Accuracy in Media

When we criticized CNN’s infamous Tailwind story charging that U.S. special forces were dropped into Laos in 1970 to kill American defectors with deadly nerve gas, we heard from a few people who thought the story was true because they believed that killing American defectors was given high priority by our military. Only recently we received a letter from a very angry man who attached a chapter of a book that has probably implanted that idea in a lot of minds. The book is Spite House by Monika Jensen-Stevenson, a former producer with 60 Minutes.

The chapter is about a Marine named Bruce Womack, who claims that when he enlisted in the Marine Corps, he was given “a highly specialized course in night operations and survival training given at the Army Military Police School at Fort Gordon, Georgia.” He described this as “a kind of compressed sniper course,” but he was then assigned as a driver in the motor pool at Camp Lejeune until March 1973.

By then peace accords had been signed with Vietnam and U.S. prisoners were coming home, but Womack claims he was given an intensive refresher course in sniping followed by thirty days leave in Hawaii with unlimited expenses paid. Still only a private, he says he was sent to Vietnam and assigned to a camp near the Cambodian border where he became a member of a team whose sole mission was to find and kill American servicemen who had defected to the enemy side. Jensen-Stevenson describes in great detail how Womack and other members of his team carried out their assigned tasks of assassination.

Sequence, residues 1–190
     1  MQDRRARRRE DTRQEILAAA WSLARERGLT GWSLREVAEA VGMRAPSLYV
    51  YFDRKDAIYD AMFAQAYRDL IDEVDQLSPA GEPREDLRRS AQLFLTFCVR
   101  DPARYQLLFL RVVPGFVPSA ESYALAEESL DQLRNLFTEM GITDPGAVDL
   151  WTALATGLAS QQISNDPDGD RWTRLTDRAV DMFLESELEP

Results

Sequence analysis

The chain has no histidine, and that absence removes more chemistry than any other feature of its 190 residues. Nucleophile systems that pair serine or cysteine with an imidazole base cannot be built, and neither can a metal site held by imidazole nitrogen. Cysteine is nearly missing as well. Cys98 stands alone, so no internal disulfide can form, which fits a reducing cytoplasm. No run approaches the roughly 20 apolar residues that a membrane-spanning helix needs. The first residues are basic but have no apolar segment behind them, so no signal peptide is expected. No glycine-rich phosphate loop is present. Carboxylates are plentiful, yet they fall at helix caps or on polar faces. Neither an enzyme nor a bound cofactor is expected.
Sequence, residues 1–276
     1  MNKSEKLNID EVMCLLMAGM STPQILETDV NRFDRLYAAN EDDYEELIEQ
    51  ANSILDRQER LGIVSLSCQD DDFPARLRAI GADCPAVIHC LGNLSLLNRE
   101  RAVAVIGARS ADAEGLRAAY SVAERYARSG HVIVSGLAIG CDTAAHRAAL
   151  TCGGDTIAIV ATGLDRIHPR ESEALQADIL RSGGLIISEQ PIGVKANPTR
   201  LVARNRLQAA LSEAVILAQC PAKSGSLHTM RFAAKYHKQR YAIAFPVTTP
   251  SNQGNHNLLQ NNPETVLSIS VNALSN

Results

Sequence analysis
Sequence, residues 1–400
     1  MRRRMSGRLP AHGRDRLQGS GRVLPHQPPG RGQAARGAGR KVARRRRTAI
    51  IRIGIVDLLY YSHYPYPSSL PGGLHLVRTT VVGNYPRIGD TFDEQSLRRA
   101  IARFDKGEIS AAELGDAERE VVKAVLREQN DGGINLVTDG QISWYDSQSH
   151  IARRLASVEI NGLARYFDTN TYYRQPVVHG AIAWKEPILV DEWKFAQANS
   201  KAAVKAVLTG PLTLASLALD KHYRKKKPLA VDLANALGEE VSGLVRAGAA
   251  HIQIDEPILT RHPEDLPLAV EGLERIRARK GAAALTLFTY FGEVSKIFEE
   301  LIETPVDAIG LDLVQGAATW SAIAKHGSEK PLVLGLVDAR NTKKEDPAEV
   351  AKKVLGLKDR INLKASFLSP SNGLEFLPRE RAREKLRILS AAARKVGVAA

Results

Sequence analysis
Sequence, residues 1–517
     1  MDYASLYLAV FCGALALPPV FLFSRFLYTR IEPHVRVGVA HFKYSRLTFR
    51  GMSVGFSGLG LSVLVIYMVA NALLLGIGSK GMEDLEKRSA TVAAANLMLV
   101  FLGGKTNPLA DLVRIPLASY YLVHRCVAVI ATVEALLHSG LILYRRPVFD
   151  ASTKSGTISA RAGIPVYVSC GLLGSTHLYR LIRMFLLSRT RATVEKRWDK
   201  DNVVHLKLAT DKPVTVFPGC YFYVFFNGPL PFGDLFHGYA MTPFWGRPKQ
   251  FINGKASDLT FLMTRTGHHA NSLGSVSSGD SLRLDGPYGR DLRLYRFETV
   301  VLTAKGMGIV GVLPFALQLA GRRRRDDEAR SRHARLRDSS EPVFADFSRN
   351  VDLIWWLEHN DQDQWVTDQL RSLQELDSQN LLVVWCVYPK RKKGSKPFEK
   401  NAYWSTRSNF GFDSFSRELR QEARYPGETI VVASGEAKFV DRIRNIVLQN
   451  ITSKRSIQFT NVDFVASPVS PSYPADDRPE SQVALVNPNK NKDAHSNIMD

She says that the five-man team was paid as much as $20,000 for each kill. He decided that it had to be a CIA operation because of the generous pay. He claims that he was able to save $29,000 from what he was paid for having helped kill 32 Americans in 90 days. He was then returned to Hawaii where he reverted to driving a truck. He claimed that three of the five men on his assassination team committed suicide within three years after returning to the States.

That is Bruce Womack’s story, and it is easy to see why it makes decent people angry. But all we have is Womack’s word. He claims his service records were shredded as he watched. Those who were on the mission with him are dead, except for one who Jensen-Stevenson does not identify or cite as corroborating Womack’s story.

Jug Burkett’s book, Stolen Valor, exposes phonies who falsely claim to have served in Vietnam earning medals for valor or doing other extraordinary things, some good, some evil. Burkett says Womack never set foot in Vietnam. His records show that he was sent to an army school at Ft. Gordon for training as a prison guard. There, he qualified at the lowest level as a sharpshooter with an M-16, not as a sniper. When he flunked out of the school, the Marines sent him to Hawaii where he drove a truck until he was discharged in 1975, having attained the rank of corporal.




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